14. Spectrophotometric study on the proton transfer reaction between 2-amino-4-methylpyridine with 2,6-dichloro-4-nitrophenol in methanol, acetonitrile and the binary mixture 50% methanol+50% acetonitrile.

    PubMed

    Al-Ahmary, Khairia M; Habeeb, Moustafa M; Al-Obidan, Areej H

    2016-02-01

    Proton transfer reaction between 2-amino-4-methylpyridine (2AMP) as the proton acceptor with 2,6-dichloro-4-nitrophenol (DCNP) as the proton donor has been investigated spectrophotometrically in methanol (MeOH), acetonitrile (AN) and a binary mixture composed of 50% MeOH and 50% AN (AN-Me). The composition of the complex has been investigated utilizing Job(')s and photometric titration methods to be 1:1. Minimum-maximum absorbance equation has been applied to estimate the formation constant of the proton transfer reaction (K(PT)) where it reached high values in the investigated solvent confirming its high stability. The formation constant recorded higher value in AN compared with MeOH and mixture of AN-Me. Based on the formation of stable proton transfer complex, a sensitive spectrophotometric method was suggested for quantitative determination of 2AMP. The Lambert-Beer(')s law was obeyed in the concentration range 0.5-8 μg mL(-1) with small values of limits of detection and quantification. The solid complex between 2AMP with DCNP has been synthesized and characterized by elemental analysis to be 1:1 in concordant with the molecular stoichiometry in solution. Further analysis of the solid complex was carried out using infrared and (1)H NMR spectroscopy. PMID:26520474

  15. Spectrophotometric study on the proton transfer reaction between 2-amino-4-methylpyridine with 2,6-dichloro-4-nitrophenol in methanol, acetonitrile and the binary mixture 50% methanol + 50% acetonitrile

    NASA Astrophysics Data System (ADS)

    Al-Ahmary, Khairia M.; Habeeb, Moustafa M.; Al-Obidan, Areej H.

    2016-02-01

    Proton transfer reaction between 2-amino-4-methylpyridine (2AMP) as the proton acceptor with 2,6-dichloro-4-nitrophenol (DCNP) as the proton donor has been investigated spectrophotometrically in methanol (MeOH), acetonitrile (AN) and a binary mixture composed of 50% MeOH and 50% AN (AN-Me). The composition of the complex has been investigated utilizing Job's and photometric titration methods to be 1:1. Minimum-maximum absorbance equation has been applied to estimate the formation constant of the proton transfer reaction (KPT) where it reached high values in the investigated solvent confirming its high stability. The formation constant recorded higher value in AN compared with MeOH and mixture of AN-Me. Based on the formation of stable proton transfer complex, a sensitive spectrophotometric method was suggested for quantitative determination of 2AMP. The Lambert-Beer's law was obeyed in the concentration range 0.5-8 μg mL- 1 with small values of limits of detection and quantification. The solid complex between 2AMP with DCNP has been synthesized and characterized by elemental analysis to be 1:1 in concordant with the molecular stoichiometry in solution. Further analysis of the solid complex was carried out using infrared and 1H NMR spectroscopy.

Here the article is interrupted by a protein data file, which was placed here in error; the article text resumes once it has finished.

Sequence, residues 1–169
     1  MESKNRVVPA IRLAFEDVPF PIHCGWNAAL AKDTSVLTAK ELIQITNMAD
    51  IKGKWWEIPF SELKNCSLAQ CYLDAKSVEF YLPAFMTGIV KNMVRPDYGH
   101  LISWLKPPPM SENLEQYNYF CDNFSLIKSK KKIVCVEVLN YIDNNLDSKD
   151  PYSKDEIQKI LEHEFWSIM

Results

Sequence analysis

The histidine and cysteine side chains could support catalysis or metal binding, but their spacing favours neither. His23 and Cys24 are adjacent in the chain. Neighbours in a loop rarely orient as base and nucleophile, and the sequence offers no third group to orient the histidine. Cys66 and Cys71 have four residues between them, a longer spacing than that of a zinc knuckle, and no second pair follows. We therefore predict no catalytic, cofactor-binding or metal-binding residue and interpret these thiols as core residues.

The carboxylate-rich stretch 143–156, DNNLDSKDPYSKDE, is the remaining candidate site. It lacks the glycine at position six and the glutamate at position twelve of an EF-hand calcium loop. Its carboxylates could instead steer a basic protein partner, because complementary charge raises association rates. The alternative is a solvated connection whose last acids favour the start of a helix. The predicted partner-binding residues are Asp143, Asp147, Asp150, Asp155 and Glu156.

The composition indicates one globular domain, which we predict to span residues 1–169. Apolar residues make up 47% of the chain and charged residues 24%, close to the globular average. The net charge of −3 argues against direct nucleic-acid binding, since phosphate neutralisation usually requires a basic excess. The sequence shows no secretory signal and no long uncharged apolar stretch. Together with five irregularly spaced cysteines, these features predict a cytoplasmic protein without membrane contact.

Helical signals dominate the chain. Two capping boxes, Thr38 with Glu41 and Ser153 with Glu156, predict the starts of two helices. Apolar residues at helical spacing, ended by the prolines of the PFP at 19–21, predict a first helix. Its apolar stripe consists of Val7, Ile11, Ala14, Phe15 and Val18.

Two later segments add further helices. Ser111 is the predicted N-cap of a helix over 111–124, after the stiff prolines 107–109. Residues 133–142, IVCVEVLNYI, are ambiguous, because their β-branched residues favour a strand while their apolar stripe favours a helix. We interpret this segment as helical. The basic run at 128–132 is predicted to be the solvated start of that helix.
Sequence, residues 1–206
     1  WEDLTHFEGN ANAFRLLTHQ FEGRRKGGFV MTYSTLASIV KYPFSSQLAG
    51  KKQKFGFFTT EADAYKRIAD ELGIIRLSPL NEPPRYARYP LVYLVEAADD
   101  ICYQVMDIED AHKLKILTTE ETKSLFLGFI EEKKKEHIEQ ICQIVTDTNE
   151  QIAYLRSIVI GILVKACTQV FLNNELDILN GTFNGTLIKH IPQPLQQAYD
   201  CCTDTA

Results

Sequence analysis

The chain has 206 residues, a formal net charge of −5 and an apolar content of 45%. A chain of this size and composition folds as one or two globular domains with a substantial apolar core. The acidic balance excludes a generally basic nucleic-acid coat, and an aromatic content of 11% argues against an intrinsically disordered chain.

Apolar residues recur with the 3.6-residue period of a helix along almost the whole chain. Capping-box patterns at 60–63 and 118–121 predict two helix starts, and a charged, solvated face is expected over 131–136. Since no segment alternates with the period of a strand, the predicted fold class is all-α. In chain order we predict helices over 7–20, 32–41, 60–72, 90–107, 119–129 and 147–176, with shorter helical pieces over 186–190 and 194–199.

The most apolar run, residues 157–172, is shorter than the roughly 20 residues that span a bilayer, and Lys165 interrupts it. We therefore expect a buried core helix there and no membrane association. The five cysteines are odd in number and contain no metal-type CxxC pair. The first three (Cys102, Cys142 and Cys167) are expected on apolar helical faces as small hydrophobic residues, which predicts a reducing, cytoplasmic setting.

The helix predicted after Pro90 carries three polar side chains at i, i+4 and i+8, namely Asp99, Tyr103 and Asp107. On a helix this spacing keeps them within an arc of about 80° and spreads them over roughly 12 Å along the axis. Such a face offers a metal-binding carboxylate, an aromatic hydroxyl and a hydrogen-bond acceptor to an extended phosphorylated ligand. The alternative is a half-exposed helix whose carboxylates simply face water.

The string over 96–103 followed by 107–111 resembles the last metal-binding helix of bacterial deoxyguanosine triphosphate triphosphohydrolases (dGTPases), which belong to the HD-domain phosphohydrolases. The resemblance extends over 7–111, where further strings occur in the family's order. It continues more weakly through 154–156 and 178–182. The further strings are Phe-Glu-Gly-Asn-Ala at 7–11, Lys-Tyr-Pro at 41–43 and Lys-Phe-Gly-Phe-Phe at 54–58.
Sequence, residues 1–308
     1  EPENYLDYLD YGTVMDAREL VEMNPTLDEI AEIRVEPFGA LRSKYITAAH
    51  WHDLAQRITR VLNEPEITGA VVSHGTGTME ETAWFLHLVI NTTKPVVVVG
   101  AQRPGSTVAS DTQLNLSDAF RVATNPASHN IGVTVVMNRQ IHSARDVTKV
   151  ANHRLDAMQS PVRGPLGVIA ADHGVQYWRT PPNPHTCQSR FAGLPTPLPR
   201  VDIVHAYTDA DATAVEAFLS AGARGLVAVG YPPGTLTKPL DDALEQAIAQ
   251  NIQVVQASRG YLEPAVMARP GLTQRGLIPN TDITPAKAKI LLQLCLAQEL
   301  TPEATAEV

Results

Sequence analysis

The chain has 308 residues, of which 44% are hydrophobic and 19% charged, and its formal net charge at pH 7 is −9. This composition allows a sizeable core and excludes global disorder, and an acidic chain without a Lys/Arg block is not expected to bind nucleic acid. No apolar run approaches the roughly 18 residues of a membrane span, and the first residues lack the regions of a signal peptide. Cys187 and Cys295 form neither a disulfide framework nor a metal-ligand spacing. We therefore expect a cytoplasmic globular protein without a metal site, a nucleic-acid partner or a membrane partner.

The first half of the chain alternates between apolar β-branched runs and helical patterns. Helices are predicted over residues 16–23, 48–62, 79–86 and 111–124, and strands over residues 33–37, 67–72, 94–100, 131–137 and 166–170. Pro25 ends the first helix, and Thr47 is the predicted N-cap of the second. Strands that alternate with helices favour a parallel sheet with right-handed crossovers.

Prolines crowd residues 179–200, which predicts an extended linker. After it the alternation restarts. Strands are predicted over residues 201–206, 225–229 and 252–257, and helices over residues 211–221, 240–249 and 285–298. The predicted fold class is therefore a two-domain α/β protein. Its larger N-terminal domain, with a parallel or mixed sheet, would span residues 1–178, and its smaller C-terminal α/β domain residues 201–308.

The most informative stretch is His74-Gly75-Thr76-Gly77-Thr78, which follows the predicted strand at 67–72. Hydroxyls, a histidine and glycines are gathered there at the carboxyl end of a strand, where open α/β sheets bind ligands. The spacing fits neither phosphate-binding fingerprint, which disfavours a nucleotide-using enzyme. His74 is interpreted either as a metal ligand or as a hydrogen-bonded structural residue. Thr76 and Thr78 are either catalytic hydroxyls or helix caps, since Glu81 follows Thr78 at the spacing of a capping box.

16. Immunological Response to Biodegradable Magnesium Implants

    NASA Astrophysics Data System (ADS)

    Pichler, Karin; Fischerauer, Stefan; Ferlic, Peter; Martinelli, Elisabeth; Brezinsek, Hans-Peter; Uggowitzer, Peter J.; Löffler, Jörg F.; Weinberg, Annelie-Martina

    2014-04-01

    The use of biodegradable magnesium implants in pediatric trauma surgery would render surgical interventions for implant removal after tissue healing unnecessary, thereby preventing stress to the children and reducing therapy costs. In this study, we report on the immunological response to biodegradable magnesium implants—as an important aspect in evaluating biocompatibility—tested in a growing rat model. The focus of this study was to investigate the response of the innate immune system to either fast or slow degrading magnesium pins, which were implanted into the femoral bones of 5-week-old rats. The main alloying element of the fast-degrading alloy (ZX50) was Zn, while it was Y in the slow-degrading implant (WZ21). Our results demonstrate that degrading magnesium implants beneficially influence the immune system, especially in the first postoperative weeks but also during tissue healing and early bone remodeling. However, rodents with WZ21 pins showed a slightly decreased phagocytic ability during bone remodeling when the degradation rate reached its maximum. This may be due to the high release rate of the rare earth-element yttrium, which is potentially toxic. From our results we conclude that magnesium implants have a beneficial effect on the innate immune system but that there are some concerns regarding the use of yttrium-alloyed magnesium implants, especially in pediatric patients.

  17. Low-temperature electron irradiation and annealing in pure magnesium

    SciTech Connect

    Simester, J.H.

    1982-01-01